Today’s post is on the T110 120mm heavy tank project. While I cite numerous sources for this article I must point out that it is the work of author Hunnicutt which is the authoritative and most influential of all reference materials.
Initiated on December 3, 1954, the T110 120mm heavy tank project began (Estes). Prior work had begun on October 30 for cannons to be used in this project, the T204 and T179, 120mm cannons. On September 18, 1956 the project would be canceled in light of the success of the T43 project which would lead to the M103 (Estes). The T110 began life as concept TS-31 and was given to Chrysler Corporation with their proposal being the 120mm gun tank T110 (Hunnicutt). There were multiple versions of the T110 that were proposed. The initial proposal was rejected as its dimensions would of prohibited the vehicles passage through the Berne International Tunnel, a requirement for the project (Hunnicutt). A further requirement was that the vehicle have a 50 ton weight limit (Hunnicutt). As design progressed the T123E1 was selected as the cannon (Hunnicutt). All total there were five T110 designs (Hunnicutt). The names Chrysler and Detroit Arsenal should be considered interchangeable when reading on the development of this tank. To be clear the Detroit Arsenal, or Detroit Arsenal Tank Plant (DATP) was established by Chrysler but owned and by the United States government and alternately would be Army operated or contractor operated (“Detroit Arsenal Tank Plant”). Chrysler operated the facility during the development of the T110; having regained it from the Army in 1952 (“Detroit Arsenal Tank Plant”).
The five proposals:
- Proposal 1 – initially rejected as the cupola arrangement would have prohibited the vehicles passage through the Berne International Tunnel. Redesigned so that the cab width was reduced to 124″ and commander relocated to center rear; the nose shortened; and fuel removed from the front. AV-1790 engine selected; XTG-500 transmission; flat-track suspension (Hunnicutt).
- Proposal 2 – redesign of proposal 1 with transmission relocated to engine compartment; cupola removed; fuel moved to front with the driver to the left; AOI-1490 engine selected; XTG-500 transmission; traditional suspension (Hunnicutt).
- Proposal 3 – the main gun was placed in a rigid mount for this proposal. This proposal was fraught with problems with regards to power plant mounting; engine and transmission issues; grill area issues (Hunnicutt).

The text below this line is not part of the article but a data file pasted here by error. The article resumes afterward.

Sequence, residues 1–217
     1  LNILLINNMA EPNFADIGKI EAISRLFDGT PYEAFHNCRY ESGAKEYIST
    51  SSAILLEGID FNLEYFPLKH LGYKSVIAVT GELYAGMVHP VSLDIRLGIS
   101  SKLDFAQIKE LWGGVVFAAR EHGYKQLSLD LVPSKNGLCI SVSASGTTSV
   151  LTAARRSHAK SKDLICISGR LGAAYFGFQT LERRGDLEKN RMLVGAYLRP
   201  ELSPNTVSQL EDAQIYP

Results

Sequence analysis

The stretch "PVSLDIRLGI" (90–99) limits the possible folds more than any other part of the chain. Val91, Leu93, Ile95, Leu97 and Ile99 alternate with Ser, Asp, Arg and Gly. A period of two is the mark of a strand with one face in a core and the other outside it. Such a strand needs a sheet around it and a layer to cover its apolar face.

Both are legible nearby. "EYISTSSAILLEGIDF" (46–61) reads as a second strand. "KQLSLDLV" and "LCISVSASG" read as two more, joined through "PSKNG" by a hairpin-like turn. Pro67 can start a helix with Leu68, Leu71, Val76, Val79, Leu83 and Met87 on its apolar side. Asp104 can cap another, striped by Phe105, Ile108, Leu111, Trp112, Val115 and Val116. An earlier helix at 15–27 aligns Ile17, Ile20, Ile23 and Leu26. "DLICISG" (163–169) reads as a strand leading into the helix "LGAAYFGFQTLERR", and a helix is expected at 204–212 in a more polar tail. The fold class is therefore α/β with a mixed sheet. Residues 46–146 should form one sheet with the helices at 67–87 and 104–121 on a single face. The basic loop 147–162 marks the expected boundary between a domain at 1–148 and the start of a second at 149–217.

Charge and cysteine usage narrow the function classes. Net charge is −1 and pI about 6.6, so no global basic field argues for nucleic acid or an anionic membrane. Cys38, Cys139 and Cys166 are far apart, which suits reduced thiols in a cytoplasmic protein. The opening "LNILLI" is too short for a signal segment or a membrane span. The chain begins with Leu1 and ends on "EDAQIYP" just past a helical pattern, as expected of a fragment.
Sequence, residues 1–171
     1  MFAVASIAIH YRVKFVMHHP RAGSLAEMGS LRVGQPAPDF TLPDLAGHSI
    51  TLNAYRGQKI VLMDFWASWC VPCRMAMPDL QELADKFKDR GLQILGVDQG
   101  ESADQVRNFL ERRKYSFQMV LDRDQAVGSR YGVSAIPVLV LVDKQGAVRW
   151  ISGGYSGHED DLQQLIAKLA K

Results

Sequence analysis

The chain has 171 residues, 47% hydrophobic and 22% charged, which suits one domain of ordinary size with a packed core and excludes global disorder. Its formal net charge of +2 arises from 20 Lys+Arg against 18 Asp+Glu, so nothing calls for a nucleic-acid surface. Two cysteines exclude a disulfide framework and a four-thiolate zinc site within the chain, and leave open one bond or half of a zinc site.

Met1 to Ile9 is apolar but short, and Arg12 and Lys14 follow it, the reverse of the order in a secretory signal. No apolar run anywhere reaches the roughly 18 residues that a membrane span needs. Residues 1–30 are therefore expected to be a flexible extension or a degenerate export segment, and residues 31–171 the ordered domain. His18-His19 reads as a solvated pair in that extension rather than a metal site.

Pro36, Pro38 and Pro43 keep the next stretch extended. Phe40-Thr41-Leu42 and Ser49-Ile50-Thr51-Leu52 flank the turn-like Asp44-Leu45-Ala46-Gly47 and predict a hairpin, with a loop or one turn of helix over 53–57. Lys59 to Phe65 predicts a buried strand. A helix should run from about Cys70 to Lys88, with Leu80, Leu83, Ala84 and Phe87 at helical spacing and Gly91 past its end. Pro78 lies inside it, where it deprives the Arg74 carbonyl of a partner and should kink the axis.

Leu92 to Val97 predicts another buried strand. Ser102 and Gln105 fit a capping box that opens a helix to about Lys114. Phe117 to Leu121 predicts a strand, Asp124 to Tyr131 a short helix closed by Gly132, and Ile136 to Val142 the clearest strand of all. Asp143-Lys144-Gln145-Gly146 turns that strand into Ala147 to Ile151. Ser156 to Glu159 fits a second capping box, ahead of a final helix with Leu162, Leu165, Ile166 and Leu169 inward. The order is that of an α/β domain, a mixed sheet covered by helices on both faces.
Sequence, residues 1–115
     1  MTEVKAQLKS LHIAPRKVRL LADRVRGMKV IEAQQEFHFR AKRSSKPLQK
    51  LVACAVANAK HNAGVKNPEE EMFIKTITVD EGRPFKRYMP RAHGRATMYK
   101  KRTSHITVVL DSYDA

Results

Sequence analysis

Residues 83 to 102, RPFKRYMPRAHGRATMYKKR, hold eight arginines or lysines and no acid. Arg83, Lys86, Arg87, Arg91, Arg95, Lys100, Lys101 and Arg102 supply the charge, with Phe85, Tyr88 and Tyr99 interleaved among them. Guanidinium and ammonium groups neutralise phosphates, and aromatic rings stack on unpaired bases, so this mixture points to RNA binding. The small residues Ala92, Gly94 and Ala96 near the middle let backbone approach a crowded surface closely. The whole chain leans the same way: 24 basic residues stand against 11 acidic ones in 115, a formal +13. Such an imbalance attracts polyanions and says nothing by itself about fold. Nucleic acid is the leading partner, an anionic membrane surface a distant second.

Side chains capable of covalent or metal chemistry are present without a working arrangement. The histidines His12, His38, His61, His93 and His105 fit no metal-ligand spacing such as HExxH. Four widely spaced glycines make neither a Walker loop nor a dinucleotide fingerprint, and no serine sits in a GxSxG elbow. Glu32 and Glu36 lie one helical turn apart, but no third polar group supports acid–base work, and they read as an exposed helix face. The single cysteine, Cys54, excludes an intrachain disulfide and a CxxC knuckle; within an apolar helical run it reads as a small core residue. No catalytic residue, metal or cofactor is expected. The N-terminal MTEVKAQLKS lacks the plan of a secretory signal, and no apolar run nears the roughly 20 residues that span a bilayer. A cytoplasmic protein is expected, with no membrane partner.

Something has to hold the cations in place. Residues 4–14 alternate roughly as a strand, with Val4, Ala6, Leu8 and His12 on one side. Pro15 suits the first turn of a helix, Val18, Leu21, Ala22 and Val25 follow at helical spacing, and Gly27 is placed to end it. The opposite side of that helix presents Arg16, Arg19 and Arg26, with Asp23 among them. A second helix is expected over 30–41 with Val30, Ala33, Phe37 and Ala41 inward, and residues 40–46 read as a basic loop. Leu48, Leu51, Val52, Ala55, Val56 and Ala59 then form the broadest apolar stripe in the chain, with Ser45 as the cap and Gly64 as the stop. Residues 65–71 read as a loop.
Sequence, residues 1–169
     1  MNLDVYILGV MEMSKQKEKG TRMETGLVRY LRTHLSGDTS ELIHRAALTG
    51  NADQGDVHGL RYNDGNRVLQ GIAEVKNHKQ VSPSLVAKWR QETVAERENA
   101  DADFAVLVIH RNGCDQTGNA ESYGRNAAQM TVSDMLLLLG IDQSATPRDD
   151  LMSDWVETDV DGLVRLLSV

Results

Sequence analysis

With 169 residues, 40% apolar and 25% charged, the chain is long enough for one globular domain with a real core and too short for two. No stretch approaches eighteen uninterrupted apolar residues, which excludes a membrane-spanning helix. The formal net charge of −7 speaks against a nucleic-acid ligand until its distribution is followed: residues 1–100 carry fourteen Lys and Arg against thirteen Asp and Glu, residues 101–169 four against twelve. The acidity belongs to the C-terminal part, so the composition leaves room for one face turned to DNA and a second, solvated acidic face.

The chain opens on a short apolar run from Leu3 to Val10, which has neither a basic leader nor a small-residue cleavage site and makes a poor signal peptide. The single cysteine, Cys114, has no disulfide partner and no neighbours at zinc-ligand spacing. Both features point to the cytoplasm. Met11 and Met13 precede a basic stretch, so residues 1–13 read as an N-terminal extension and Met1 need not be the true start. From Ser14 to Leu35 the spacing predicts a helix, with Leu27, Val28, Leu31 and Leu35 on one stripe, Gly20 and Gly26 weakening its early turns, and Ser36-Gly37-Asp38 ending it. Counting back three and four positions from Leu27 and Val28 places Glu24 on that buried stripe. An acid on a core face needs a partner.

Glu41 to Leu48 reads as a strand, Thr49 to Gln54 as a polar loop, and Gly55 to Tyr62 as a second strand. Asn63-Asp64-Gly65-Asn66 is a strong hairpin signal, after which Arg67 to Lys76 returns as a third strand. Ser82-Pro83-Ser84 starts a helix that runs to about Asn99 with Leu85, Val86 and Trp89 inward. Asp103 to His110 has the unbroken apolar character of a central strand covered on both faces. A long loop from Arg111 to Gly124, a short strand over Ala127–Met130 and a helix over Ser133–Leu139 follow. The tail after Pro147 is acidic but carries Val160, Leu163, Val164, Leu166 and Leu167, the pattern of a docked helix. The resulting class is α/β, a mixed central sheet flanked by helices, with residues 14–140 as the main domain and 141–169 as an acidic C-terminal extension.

- Proposal 4 – this proposal placed an AOI-1490 engine and XTG-510 transmission in rear; rear deck infrared sheilding; rigid gun emplacement; both .50 and .30 caliber machine guns; a T53 OPTAR range finder; a T156 telescope as the main gun site and a M16A1 periscope as the secondary sitting mechanism. The commander was placed in the center towards the rear; the gunner on the left of the gun mount; and the driver at the right of the gun mount. This vehicle had a limited turret traverse (Hunntington).
- Proposal 5 – this design was for a vehicle with a turret capable of a full 360 degree traverse. This design many standard components including the same turret traverse ring as the M103 series. This design had a crew of four; with the gunner and the commander to the left of the main gun. This design had a power rammer for the main gun; a commander’s override system; a T53 OPTAR range finder. A full size mock up was made of this vehicle (Hunntington).
A document reflecting specifications for the T95, T96, and T110:
Project T95 used the OPTAR range finder (“The Chieftain’s Hatch: Rangefinding.”); just as was called for in the fourth and fifth T110 designs. Utilizing pulse lights, the OPTAR range finder could determine the range by timing the reflection of light from the target; although it suffered from a scattering effect (Hunnicutt).
The video game World of Tanks represents three of the proposed T110 designs as vehicles in game; as the T110E3, the T110E4, and the T110E5, representing the third, fourth, and fifth proposals respectively.
1. Estes, Kenneth W. M103 Heavy Tank 1950-74. Osprey Publishing Ltd., 2012. eBook.
2. Hunnicutt, R. P. Firepower: A History of the American Heavy Tank. Presidio, 86, 130, 172 – 176. Print.
3. “T110E3.” World of Tanks Wiki. Wargaming.net, 20 Mar 2013. Web. 24 May 2013. <http://wiki.worldoftanks.com/T110E3>.
4. “T110E4.” World of Tanks Wiki. Wargaming.net, 18 April 2013. Web. 24 May 2013. <http://wiki.worldoftanks.com/T110E4>.
5. “T110E5.” World of Tanks Wiki. Wargaming.net, 10 May 2013. Web. 24 May 2013. <http://wiki.worldoftanks.com/T110E5>.
6. “The Chieftain’s Hatch: Rangefinding.” World of Tanks. Wargaming.net. Web. 25 May 2013. <http://worldoftanks.com/news/2351-chieftains-hatch-ragefinding/>.
7. United States. HEADQUARTERS DEPARTMENT OF THE ARMY. DIRECT SUPPORT, GENERAL SUPPORT, AND DEPOT MAINTENANCE REPAIR PARTS AND SPECIAL TOOLS LIST TELESCOPE M97 (1240-360-1593), M97G (1240-732-1470) AND M97H (1240-732-1469). Washington DC: , 1970. Print.
8. “Detroit Arsenal Tank Plant.” Wikipedia: The Free Encyclopedia. Wikimedia Foundation, Inc., 15 Nov 2012. Web. 29 May 2013. <http://en.wikipedia.org/wiki/Detroit_Arsenal_Tank_Plant>.